Ever/After by Maria Popova. (Available as a print.)

Drawing on the analogy of tress — these most fertile metaphors for our humanity, in which we see ourselves and see quiet wisdom on how to live with ourselves, on how to live with each other, on the root of authenticity, on what it means to be an artist and what it means to be human — she writes:

We are in the habit of imagining our lives to be linear, a long march from birth to death in which we mass our powers, only to surrender them again, all the while slowly losing our youthful beauty. This is a brutal untruth. Life meanders like a path through the woods. We have seasons when we flourish and seasons when the leaves fall from us, revealing our bare bones. Given time, they grow again.

In one of the book’s wonderful portals into the world of science as a means of comprehending our elemental humanity, May considers the astonishing actuality of trees beyond the merely metaphorical:

The dropping of leaves by deciduous trees is called abscission. It occurs on the cusp between autumn and winter, as part of an arc of growth, maturity, and renewal. In spring and summer, leaf cells are full of chlorophyll, a bright green substance that absorbs sunlight, fueling the process that converts carbon dioxide and water into the starch and sugar that allow the tree to grow. But at the end of the summer, as the days grow shorter and the temperature falls, deciduous trees stop making food. In the absence of sunlight, it becomes too costly to maintain the machinery of growth. The chlorophyll begins to break down, revealing other colours that were always present in the leaf, but which were masked by the abundance of green pigment: oranges and yellows, derived from carotene and xanthophyll. Other chemical changes take place to create red anthocyanin pigments. The exact mix is different for each tree, sometimes producing bright yellows, oranges, and browns, and sometimes displaying as reds or purples.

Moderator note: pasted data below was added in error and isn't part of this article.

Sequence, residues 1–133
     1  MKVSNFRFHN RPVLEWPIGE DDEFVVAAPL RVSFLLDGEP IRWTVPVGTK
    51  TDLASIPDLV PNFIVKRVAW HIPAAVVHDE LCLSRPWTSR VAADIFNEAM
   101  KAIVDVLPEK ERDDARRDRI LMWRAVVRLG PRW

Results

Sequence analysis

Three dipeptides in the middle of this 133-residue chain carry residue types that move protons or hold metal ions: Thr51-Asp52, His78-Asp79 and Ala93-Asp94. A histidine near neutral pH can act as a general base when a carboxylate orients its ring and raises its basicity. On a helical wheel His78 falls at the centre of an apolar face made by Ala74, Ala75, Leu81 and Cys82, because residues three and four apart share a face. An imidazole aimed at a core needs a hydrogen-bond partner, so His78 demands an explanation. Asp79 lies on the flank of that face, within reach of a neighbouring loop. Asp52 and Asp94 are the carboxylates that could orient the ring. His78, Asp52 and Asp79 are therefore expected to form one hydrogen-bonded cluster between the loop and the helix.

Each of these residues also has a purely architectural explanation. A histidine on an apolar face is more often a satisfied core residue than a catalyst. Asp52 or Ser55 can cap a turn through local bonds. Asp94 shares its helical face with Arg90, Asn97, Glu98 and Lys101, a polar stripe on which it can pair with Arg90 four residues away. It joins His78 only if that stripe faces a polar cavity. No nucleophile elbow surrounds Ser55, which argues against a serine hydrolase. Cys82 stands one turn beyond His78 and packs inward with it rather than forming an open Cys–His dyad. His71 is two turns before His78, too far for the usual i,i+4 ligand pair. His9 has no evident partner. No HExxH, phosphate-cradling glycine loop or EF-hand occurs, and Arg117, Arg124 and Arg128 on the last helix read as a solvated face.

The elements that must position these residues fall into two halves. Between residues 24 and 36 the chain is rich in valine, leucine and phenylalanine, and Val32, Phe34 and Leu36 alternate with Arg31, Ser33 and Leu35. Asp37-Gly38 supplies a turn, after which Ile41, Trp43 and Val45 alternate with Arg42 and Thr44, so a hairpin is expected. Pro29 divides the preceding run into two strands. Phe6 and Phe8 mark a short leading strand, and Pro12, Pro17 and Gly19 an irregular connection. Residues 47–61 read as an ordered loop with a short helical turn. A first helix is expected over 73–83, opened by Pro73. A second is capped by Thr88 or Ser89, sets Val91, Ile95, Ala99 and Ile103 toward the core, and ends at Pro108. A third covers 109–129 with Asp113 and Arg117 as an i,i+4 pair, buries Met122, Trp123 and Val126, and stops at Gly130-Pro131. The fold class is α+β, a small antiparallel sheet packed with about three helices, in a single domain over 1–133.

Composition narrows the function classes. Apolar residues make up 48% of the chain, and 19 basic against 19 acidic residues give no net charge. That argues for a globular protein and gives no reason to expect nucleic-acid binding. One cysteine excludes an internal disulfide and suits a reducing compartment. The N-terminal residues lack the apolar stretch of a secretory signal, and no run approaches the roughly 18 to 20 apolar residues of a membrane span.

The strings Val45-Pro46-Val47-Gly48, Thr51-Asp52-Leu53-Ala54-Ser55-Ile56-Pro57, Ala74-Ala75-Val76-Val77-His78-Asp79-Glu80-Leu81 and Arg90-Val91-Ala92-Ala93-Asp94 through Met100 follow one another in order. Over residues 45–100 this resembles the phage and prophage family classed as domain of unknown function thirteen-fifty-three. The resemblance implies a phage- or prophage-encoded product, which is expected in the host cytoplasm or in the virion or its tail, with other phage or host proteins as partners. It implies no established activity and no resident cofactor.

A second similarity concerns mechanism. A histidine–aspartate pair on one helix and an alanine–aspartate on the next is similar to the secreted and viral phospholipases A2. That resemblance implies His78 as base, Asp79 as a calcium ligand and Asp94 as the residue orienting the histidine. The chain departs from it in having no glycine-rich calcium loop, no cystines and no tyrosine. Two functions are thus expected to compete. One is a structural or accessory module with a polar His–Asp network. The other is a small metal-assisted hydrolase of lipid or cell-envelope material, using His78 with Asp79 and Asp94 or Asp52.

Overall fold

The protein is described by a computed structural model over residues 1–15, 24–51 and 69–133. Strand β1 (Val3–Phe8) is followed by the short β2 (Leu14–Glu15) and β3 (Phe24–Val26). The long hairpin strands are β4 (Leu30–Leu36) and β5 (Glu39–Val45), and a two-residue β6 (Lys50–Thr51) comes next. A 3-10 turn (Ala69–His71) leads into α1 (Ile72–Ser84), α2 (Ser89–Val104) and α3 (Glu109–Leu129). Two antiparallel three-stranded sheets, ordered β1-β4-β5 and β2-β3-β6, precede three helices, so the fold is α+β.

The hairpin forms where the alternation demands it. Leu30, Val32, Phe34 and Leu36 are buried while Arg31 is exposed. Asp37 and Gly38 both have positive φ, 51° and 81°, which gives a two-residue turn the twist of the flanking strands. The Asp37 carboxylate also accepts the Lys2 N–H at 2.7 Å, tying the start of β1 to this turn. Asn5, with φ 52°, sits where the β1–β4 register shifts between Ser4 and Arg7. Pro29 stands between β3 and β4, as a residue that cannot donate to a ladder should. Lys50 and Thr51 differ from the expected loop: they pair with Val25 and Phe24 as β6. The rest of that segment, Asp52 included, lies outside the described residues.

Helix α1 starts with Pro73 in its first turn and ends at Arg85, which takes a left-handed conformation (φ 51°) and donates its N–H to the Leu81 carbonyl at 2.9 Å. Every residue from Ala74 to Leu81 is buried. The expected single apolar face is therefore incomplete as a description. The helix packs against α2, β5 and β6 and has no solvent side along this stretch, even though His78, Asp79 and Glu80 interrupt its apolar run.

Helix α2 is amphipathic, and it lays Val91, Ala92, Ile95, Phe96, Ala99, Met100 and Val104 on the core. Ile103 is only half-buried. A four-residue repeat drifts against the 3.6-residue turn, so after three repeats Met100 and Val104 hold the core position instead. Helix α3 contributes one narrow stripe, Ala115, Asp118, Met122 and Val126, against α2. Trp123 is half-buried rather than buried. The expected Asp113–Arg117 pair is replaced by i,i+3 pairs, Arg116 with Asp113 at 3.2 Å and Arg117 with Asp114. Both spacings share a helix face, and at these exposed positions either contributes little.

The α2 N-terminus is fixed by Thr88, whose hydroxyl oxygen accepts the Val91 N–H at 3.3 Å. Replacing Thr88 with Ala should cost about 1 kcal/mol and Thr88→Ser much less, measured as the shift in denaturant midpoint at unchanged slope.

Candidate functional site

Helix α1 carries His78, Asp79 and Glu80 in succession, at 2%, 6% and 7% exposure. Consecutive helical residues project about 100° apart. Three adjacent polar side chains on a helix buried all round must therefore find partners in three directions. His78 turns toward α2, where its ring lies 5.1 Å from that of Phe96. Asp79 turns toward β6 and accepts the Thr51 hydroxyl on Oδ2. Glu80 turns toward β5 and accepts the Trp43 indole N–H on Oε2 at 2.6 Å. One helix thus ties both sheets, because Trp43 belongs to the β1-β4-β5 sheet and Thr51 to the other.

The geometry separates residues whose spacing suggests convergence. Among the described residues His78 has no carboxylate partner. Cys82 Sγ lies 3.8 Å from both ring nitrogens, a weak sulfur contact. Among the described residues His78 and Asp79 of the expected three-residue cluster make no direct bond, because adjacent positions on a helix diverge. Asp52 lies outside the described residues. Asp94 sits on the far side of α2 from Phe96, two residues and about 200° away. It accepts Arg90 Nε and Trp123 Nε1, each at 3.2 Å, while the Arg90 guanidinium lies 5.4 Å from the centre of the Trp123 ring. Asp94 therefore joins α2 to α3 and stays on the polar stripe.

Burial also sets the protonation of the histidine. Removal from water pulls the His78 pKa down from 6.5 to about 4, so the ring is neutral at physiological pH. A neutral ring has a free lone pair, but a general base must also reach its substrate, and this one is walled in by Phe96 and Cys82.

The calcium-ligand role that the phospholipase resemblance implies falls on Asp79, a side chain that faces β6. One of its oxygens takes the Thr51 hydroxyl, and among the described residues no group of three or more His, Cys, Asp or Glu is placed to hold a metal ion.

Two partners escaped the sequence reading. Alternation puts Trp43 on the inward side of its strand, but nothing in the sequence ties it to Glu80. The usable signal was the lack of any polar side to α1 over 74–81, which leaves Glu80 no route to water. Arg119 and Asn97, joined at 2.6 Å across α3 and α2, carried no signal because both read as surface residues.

But while this is happening, a layer of cells is weakening between the stem and the branch: this is called the abscission zone. Gradually it severs the leaf from access to water, and the leaf dries and browns and in most cases falls off, either under its own weight or encouraged by wintery rains and winds. Within a few hours, the tree will have released substances to heal the scar the leaf has left, protecting itself from the evaporation of water, infection, or the invasion of parasites.

Sundown Poem by Maria Popova. (Available as a print.)

I have always cherished the bare beauty of winter trees, so fractal and pulmonary against the somber sky — so skeletal, yet so alive. Anyone willing to look closely — and why be alive at all if not to relish the ecstasy of noticing, that crowning glory of our consciousness? — is rewarded with the gasping recognition that the branches are already covered in tiny dormant buds encoding the Braille promise of spring.

May writes:

Most trees produce their buds in high summer, and the autumn leaf fall reveals them, neat and expectant, protected from the cold by thick scales… from the sharp talons of the beech to the hooflike black buds of the ash. Many trees also display catkins in the winter, like the acid-green lambs’ tails of the hazel and the furry grey nubs of the willow. These employ the wind or insects to spread pollen, ready for the new year.

The tree is waiting. It has everything ready. Its fallen leaves are mulching the forest floor, and its roots are drawing up the extra winter moisture, providing a firm anchor against seasonal storms. Its ripe cones and nuts are providing essential food in this scarce time for mice and squirrels, and its bark is hosting hibernating insects and providing a source of nourishment for hungry deer. It is far from dead. It is in fact the life and soul of the wood. It’s just getting on with it quietly. It will not burst into life in the spring. It will just put on a new coat and face the world again.

Art from Trees at Night by Art Young, 1926. (Available as a print.)

Looking back on her own barren-branched seasons of the soul, she reflects: